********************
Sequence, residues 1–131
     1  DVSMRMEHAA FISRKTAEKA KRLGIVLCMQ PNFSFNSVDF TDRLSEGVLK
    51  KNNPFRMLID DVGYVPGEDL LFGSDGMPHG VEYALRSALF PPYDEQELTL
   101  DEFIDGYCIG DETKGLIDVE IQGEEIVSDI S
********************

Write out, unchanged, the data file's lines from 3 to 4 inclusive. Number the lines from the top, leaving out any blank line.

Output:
    51  KNNPFRMLID DVGYVPGEDL LFGSDGMPHG VEYALRSALF PPYDEQELTL
   101  DEFIDGYCIG DETKGLIDVE IQGEEIVSDI S